Sherrie joined CatholicCare Western Sydney and The Blue Mountains in 2018, starting work as a tutor with HIPPY Emerton, a home interaction-based education and parenting program for families. In 2020 , she began a traineeship as an Aboriginal caseworker, with the Family Support Program. Sherrie will be a qualified Aboriginal caseworker by the end of 2022.
“My role is to help those who are struggling – whatever they’re facing,” Sherrie said. “It could be anything from helping people cope with mental health, navigate child custody issues, teaching parenting skills, or helping someone find their purpose in life. The number one thing I teach, however, is self-care. I help my clients understand how to support themselves so they can be strong for their loved ones. You can’t help others if you haven’t taken care of yourself first.”
A light in the dark – A sister’s love
“I grew up in a rough family. My mother had schizophrenia and my father was an alcoholic. I was partially deaf until I was 16. I didn’t know any better; I was happy. I had several operations over the years to restore my hearing and after my last operation at 16, I could hear again. Being partially deaf had affected my learning, but as a teenager, I taught myself to read and write for the first time.”
As Sherrie picked up a pen and paper, her sister, Sarah, was by her side.
“Sarah and I were really close. She was very smart and an incredibly spiritual person. Sarah helped me learn to read – we read the bible together eight times, scripture by scripture.”
Sherrie’s restored hearing gave her a new mechanism through which she could interpret the world. However, she discovered a reality she only wanted to withdraw from.
“Being able to hear took a toll on me. I wasn’t happy with how people voiced their opinions all the time. I didn’t want to listen anymore. It made me want to go back to being deaf. That’s why I consumed drugs and alcohol. I wanted to escape.”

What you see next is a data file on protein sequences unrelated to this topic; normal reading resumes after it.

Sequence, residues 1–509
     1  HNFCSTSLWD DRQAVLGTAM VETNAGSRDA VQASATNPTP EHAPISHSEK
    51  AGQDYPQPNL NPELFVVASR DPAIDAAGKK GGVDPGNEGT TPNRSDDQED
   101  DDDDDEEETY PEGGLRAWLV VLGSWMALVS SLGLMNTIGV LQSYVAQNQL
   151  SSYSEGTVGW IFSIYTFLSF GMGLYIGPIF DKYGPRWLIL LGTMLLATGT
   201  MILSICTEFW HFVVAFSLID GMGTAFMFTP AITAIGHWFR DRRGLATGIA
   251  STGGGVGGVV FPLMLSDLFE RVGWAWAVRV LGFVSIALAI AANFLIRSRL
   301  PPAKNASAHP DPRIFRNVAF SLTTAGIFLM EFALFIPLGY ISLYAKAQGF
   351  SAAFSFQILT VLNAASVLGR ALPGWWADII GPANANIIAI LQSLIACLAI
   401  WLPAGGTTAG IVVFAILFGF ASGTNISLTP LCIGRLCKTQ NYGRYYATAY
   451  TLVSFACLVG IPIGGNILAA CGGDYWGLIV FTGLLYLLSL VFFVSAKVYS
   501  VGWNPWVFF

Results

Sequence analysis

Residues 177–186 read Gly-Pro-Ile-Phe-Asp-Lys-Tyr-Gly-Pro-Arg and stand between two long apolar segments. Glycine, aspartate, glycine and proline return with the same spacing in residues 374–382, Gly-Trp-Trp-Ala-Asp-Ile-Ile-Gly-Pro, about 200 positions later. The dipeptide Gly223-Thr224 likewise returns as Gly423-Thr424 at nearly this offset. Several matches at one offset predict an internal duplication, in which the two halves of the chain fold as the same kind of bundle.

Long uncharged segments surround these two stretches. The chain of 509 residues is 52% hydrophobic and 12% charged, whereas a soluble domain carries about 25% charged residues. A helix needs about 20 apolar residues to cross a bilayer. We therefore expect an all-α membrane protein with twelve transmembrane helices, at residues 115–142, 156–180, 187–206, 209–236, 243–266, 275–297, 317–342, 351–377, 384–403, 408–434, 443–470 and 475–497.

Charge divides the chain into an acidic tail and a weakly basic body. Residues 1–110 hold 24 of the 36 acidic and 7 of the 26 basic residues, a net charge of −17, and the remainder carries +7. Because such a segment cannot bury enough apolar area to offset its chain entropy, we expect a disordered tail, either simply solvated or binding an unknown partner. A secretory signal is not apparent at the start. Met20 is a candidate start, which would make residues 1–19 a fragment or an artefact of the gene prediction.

Lost in a dark place, it was her sister’s shared words of scripture that presented the seeds of Sherrie’s faith in herself, and in God. After leaving school, Sherrie and Sarah moved to Wagga Wagga to live with their grandmother. Then, in 2016, Sarah sadly became very ill with cancer and, tragically, passed away at the age of 32.
“My sister was everything to me, I was devastated. Sarah had helped me turn my life around. All throughout my beautiful sister’s life, she had been working to assist others. Her clients came up to me and said, ‘Sherrie, if it wasn’t for Sarah, I wouldn’t be where I am today. I would not have a family, a home or a nice car, if I had not listened to your beautiful sister.’ We would cry together and laugh together. It took a while before I realised that Sarah’s work was something I could do too.”
The journey on
In search of a fresh start after her sister’s passing, Sherrie moved to Sydney and found herself living in a women’s refuge in Penrith. Sherrie found permanent accommodation, but her struggles continued, until a moment that changed her life. Around Christmas Eve, 2017, Sherrie lay in bed with her two young children, crying and praying. The small room contained her family’s only possessions: a mattress and an esky. In this moment of need, Sherrie clasped her hands together and prayed for the opportunity to help others; a chance to continue her sister’s work.
Sherrie lifted herself up and walked with her children to their local Holy Family Church. Sherrie noticed the Aboriginal CatholicCare Social Services Centre behind the church where she was collecting a Christmas hamper.
“A lady named Linda offered me another hamper; a Christmas hamper filled with toys. Linda offered an opportunity to work with HIPPY at Emerton. We got talking and she signed me up for a HIPPY Program, explaining to me there was an opportunity for some work with HIPPY Emerton. I couldn’t believe it; my prayers had been answered. I was overwhelmed with tears. This proved to me the strength of prayer.”
With every step that followed, Sherrie drew inspiration from her sister. However, she also discovered that she herself had the qualities needed to make a difference.
“My sister was amazing in what she did for the community. Sarah inspired me to follow this new path but I realised it was natural to me – I’ve been caring for people on the streets all my life without even realising it. I’ve had people in and out of my home, over the years. I’ve helped them overcome issues – come off drugs and alcohol or get their children back. They’ve become dear friends. They may not see me for two years, but if they were down and out, they know I’d be there for them.”